Switzerland's largest sporting event of the year is underway in Zurich. Eurogames 2000 is aimed primarily at the lesbian and gay community, and the organisers have invited athletes and clubs to take part in an "open to all" sports competition.
Some 4,200 participants from 30 countries are registered to take part. A total of 19 sporting events over four days, beginning on Thursday, will be held throughout the city. They range from the more traditional athletic competitions to the less conventional, such as ballroom dancing and cheerleading.
About 15,000 visitors are expected to attend, attracted not only by the sports events, but also by a packed cultural and party programme.
The city's Helvetiaplatz is being renamed "Rainbow Square" for the duration of Eurogames. Large parties are being held every night in three venues around the square, to provide a festival atmosphere.
Among the cultural highlights is an exhibition on lesbian and gay rights in Switzerland at the National Museum as well as a lesbian and gay film festival.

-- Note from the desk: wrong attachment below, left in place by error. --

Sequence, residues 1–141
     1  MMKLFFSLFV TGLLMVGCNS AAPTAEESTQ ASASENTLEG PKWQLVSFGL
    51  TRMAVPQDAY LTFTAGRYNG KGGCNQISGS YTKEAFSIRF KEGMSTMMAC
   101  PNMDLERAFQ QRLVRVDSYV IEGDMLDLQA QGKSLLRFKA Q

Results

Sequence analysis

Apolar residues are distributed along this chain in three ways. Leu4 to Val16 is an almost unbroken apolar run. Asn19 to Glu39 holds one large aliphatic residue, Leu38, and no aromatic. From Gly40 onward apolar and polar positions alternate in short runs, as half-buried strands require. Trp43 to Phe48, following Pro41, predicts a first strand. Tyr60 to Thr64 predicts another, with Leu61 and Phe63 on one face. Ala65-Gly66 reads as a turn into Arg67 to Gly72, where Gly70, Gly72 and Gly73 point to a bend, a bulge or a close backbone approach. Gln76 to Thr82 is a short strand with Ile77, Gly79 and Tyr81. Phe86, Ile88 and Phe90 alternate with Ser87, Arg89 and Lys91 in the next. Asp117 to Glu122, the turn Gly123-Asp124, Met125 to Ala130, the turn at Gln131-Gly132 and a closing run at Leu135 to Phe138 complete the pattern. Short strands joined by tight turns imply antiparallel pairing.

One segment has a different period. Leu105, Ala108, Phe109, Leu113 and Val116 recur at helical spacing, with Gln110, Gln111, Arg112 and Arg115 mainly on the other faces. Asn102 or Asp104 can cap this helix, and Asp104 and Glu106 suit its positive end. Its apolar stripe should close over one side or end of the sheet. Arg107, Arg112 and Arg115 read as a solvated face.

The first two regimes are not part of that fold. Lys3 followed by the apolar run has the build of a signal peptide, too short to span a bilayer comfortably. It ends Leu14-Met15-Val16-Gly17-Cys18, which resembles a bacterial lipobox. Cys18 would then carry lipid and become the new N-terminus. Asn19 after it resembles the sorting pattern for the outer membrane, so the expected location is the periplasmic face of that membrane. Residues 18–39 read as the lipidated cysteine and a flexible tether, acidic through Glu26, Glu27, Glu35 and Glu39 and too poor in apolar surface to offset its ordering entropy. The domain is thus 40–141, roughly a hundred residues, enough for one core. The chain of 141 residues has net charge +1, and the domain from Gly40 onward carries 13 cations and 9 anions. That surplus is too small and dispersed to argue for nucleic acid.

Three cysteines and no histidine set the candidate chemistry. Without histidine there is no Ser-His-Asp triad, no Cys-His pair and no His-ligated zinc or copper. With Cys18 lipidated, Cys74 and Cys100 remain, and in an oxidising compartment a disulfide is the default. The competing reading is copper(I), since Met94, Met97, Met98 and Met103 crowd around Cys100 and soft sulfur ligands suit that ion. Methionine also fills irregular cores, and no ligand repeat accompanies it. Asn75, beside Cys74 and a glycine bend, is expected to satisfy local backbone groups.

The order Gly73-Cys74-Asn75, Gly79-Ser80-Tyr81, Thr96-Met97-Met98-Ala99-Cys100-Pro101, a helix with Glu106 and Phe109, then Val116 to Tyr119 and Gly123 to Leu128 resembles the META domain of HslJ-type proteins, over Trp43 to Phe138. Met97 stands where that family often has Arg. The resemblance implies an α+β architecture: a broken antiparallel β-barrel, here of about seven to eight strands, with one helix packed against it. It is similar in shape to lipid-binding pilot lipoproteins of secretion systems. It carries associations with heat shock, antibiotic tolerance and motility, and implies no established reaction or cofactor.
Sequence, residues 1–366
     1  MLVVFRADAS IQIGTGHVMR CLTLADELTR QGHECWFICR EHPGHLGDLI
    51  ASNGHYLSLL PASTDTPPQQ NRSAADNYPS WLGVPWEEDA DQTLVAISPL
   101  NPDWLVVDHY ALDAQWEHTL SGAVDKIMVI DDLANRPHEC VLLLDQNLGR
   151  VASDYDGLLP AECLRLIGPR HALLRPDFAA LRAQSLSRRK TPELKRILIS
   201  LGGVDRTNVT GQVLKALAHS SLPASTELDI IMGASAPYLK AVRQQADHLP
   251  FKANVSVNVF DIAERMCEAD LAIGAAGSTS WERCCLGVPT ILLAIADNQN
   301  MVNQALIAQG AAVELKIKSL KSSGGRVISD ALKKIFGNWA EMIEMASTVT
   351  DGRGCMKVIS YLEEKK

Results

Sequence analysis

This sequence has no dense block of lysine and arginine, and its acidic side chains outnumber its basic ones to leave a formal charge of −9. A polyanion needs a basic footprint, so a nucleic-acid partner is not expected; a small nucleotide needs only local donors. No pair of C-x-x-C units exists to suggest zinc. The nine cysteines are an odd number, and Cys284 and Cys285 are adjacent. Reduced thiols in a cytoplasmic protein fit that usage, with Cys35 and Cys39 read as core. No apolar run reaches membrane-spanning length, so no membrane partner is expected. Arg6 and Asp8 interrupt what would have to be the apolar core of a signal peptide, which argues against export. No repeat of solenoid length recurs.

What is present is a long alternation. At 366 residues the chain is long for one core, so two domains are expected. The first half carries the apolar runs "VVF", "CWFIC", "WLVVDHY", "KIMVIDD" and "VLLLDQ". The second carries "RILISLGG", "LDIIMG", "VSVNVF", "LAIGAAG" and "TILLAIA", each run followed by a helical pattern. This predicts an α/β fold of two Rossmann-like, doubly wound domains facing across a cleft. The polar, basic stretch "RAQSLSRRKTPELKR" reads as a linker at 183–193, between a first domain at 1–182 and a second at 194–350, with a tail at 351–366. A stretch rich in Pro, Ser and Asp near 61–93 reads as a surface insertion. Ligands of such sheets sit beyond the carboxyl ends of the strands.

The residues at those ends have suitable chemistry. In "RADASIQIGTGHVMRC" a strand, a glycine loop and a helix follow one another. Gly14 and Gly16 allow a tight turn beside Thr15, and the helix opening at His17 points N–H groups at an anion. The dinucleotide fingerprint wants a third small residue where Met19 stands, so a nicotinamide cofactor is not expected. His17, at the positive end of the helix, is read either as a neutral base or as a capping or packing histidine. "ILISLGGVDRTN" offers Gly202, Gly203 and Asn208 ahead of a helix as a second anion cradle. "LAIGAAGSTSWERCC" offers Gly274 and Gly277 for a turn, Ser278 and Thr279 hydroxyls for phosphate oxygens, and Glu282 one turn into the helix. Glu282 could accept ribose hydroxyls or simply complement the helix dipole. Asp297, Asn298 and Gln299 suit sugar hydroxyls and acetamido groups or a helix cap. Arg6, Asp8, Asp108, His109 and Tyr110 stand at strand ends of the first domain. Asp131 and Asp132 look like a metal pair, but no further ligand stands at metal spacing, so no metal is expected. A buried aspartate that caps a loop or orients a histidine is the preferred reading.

Support has come from a wide variety of government and business organisations. The city of Zurich has offered free use of all sporting facilities as well as accommodation for up to 500 athletes within the city's nuclear shelters.
Zurich's mayor, Josef Estermann, told swissinfo that Eurogames will "bring life and joy and sporting effort to Zurich".
Earlier in the year, Estermann, along with the Zurich's cantonal government, fought off opposition to the event by right-wing religious groups.
The Swiss president, Adolf Ogi, sent his best wishes to the organisers. A recorded address by Ogi is being broadcast at the opening ceremony.
by Tom O'Brien